The US Food and Drug Administration (FDA) has approved donislecel (Lantidra, CellTrans Inc), a pancreatic islet cell therapy developed from cadaver donors, for the treatment of people with type 1 diabetes who are unable to achieve target glucose levels owing to severe hypoglycemic episodes.
The product is given as a single infusion via the hepatic portal vein into the liver. A second infusion is given if necessary. Immunosuppression is required to maintain cell viability, just as it is required to support a transplanted kidney or other organ, as these all represent “foreign” tissues to the recipient.
“Today’s approval, the first-ever cell therapy to treat patients with type 1 diabetes, provides individuals living with type 1 diabetes and recurrent severe hypoglycemia an additional treatment option to help achieve target blood glucose levels,” said Peter Marks, MD, PhD, director of the FDA’s Center for Biologics Evaluation and Research, in an FDA statement.
The product was approved despite concerns from the American Society of Transplant Surgeons, the American Society of Transplantation, and an organization of more than 50 transplant surgeons ― the Islets for US Collaborative ― whose members argue that cadaver-derived (allogeneic) pancreatic islets should be regulated as transplanted organs rather than as biologic drugs, as is done in many other parts of the world.
Lantidra differs from stem cell therapy being developed by Vertex Pharmaceuticals. In the latter, beta cells are grown from allogeneic stem cells using a proprietary technology. So far, six patients have received the therapy, and it has been successful in all of them to varying degrees, as reported at last week’s American Diabetes Association meeting. So while this is a promising technology, with talk of a “cure” for type 1 diabetes, it’s important to remember that this is very early in the development phase, says Anne Peters, MD, of the University of California, Los Angeles, in her latest column for Medscape.
Approval Based on Small Studies, With Adverse Events
The approval of Lantidra, following a 12-4 vote in favor by the FDA’s Cellular, Tissue, and Gene Therapies Advisory Committee in April 2021, was based on two nonrandomized, single-arm studies that included a total of 30 individuals with type 1 diabetes who had hypoglycemic unawareness and who received between one and three infusions of donislecel.
Insulin independence was achieved at 1 year by 21 participants; 11 were still insulin independent at 5 years, and 10 remained so more than 5 years. Five participants were unable to discontinue insulin treatment at all.
Adverse events included nausea, fatigue, anemia, diarrhea, and abdominal pain. Most of the participants experienced at least one serious adverse reaction related to the method of infusion and/or the use of immunosuppression. Some of these reactions required discontinuation of the immunosuppressive medications, resulting in the loss of islet cell function and return to insulin dependence.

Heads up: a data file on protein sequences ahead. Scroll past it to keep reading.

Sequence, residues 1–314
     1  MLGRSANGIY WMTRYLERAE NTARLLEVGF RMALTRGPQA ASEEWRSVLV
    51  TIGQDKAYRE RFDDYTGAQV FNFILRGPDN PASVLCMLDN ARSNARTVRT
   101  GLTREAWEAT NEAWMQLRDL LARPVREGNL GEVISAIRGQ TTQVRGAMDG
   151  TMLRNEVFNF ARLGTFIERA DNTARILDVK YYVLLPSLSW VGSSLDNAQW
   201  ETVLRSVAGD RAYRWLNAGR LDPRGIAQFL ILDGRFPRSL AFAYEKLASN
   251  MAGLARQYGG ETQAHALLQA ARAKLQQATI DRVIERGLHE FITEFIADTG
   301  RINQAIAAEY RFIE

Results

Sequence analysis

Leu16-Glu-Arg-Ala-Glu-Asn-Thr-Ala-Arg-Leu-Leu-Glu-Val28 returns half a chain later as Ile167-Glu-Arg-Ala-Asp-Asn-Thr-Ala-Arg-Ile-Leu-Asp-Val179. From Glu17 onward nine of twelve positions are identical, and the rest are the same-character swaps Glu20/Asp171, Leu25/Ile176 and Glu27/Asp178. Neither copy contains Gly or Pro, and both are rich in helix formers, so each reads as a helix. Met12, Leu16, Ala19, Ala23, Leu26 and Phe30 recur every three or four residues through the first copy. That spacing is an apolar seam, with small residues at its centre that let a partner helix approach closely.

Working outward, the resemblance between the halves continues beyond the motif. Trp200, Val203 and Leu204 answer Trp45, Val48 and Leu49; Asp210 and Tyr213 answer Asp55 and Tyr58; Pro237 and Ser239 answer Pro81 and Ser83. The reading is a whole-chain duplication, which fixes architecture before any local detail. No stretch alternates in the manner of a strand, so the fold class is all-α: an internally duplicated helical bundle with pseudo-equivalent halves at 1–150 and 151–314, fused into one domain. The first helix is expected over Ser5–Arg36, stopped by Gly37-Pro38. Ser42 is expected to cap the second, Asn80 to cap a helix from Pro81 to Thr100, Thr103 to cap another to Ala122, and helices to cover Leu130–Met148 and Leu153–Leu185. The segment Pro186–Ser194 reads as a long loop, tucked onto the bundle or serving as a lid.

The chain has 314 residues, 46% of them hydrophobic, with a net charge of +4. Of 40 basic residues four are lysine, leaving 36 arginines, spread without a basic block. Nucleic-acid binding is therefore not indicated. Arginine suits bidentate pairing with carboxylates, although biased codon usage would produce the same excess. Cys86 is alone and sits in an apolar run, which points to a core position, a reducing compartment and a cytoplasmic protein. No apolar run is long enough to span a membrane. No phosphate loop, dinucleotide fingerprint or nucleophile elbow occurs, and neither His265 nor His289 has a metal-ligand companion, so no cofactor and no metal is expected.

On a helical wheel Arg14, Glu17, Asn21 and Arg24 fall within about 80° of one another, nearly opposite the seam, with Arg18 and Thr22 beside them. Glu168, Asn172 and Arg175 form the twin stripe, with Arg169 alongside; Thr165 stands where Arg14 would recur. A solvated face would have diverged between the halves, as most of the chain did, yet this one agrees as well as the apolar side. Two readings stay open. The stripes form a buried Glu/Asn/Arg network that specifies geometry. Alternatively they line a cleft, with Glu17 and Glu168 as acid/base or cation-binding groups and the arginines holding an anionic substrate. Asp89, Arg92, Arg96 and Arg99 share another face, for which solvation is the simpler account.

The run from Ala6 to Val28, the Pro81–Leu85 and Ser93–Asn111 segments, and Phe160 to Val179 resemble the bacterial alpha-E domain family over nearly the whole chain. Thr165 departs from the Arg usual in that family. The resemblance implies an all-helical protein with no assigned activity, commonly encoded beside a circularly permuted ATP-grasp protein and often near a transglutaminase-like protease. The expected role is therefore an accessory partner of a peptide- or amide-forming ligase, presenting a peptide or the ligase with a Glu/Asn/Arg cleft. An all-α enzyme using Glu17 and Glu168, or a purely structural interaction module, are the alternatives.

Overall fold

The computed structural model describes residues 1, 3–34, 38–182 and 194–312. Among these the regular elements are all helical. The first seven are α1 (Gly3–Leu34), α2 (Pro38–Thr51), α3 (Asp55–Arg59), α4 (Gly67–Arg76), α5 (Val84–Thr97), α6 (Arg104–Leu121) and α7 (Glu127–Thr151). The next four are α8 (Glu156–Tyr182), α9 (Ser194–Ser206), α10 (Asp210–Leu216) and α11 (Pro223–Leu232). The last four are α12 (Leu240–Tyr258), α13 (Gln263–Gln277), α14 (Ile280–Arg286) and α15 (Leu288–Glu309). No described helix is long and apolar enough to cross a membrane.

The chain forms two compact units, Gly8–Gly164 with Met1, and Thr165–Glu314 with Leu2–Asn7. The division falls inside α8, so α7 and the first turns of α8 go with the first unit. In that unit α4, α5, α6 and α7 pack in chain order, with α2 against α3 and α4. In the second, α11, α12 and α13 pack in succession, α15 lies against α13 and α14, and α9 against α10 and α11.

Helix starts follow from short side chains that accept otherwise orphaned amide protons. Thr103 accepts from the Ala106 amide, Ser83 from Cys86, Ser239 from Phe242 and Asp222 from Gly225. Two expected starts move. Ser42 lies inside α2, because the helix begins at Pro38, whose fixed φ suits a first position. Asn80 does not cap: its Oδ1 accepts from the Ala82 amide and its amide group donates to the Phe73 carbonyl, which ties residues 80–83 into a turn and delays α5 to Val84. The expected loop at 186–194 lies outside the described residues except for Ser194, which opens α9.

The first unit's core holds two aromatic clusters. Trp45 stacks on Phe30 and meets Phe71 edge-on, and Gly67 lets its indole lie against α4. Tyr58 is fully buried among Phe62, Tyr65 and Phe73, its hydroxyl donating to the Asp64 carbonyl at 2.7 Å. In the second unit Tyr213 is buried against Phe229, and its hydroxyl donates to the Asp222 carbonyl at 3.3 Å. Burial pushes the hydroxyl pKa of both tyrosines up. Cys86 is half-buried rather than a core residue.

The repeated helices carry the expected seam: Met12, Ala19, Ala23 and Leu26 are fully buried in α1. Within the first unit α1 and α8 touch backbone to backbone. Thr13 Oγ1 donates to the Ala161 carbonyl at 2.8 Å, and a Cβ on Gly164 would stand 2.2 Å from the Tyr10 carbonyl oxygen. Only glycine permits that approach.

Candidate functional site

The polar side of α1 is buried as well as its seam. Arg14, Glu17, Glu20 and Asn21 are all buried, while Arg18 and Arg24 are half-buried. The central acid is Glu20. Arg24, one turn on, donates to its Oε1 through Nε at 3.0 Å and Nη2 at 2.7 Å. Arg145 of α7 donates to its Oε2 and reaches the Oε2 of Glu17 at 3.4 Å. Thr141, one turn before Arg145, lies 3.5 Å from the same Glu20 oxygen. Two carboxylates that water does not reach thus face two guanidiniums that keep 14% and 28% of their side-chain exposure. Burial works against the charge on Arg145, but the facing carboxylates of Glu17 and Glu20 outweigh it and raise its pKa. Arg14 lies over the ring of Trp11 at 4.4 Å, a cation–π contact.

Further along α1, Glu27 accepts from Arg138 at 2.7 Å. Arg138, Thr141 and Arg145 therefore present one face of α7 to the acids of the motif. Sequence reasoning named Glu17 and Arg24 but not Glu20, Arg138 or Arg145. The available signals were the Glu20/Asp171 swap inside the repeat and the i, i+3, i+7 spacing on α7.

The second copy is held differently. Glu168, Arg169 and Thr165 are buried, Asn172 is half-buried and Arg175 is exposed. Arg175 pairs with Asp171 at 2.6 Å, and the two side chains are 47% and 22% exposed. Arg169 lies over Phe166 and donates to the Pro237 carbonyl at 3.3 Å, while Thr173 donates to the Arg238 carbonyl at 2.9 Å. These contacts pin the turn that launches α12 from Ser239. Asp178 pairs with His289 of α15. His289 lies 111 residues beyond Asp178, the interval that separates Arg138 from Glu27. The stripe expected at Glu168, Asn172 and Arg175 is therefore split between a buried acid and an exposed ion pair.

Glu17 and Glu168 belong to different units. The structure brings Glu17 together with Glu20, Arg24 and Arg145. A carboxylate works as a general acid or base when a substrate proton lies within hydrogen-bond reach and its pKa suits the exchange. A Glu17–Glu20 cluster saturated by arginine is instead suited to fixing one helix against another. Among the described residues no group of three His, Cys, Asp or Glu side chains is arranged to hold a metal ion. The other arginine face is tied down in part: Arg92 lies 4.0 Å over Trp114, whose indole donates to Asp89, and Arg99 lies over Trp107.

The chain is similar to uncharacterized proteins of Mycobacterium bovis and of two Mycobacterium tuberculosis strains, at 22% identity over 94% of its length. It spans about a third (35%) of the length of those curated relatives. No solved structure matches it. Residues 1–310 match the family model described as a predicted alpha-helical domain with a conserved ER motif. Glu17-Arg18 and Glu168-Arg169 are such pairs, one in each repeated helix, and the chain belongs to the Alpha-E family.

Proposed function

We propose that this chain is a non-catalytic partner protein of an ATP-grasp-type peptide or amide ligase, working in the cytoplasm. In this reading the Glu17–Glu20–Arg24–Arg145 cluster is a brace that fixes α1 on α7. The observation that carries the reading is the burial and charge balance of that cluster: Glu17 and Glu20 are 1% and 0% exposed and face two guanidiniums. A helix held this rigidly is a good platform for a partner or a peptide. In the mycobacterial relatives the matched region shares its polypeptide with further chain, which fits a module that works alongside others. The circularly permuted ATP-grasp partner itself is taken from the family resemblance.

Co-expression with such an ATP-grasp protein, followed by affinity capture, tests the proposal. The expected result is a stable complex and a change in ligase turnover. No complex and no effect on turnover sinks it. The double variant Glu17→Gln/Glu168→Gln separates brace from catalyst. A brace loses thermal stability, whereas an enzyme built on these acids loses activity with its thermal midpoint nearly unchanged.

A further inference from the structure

“These adverse events should be considered when assessing the benefits and risks of Lantidra for each patient. Lantidra is approved with patient-directed labeling to inform patients with type 1 diabetes about benefits and risks of Lantidra,” according to the FDA statement.
US Transplant Physicians Had Expressed Concern, Bill Introduced
The transplant surgery organizations had written letters to the FDA, as well as to several other government agencies, to ask that the regulatory framework for Lantidra be shifted from the FDA to the Organ Procurement and Transplantation Network and the United Network for Organ Sharing.
They also wrote to members of Congress. On June 22, 2023, US Senators Mike Lee (R-UT), Ted Budd (R-NC), and Marsha Blackburn (R-TN) introduced the Islet Transplantation Bill, which would shift the regulatory framework for cadaveric islets from that of biologic drugs to transplanted organs.
Asked for comment, Piotr Witkowski, MD, PhD, the leader of the Islets for US Collaborative, told Medscape Medical News, “We were really happy about the introduction of the islet bill. Now, we’re concerned about negative downstream effects of granting a licence to a private company for distribution of the cadaveric islets.”
During the FDA’s Cellular, Tissue, and Gene Therapies Advisory Committee’s discussion in 2021, several panel members noted that the target patient population for this treatment with the current indication will likely be smaller today than it was when the two studies were initiated, in 2004 and 2007, given current automated diabetes technology ― such as insulin pumps, continuous glucose monitors, and hybrid closed-loop systems in which the two are linked together as a so-called artificial pancreas ― that reduces hypoglycemia risk.
Miriam E. Tucker is a freelance journalist based in the Washington DC area. She is a regular contributor to Medscape, with other work appearing in the Washington Post, NPR’s Shots blog, and Diabetes Forecast magazine. She is on Twitter @MiriamETucker.
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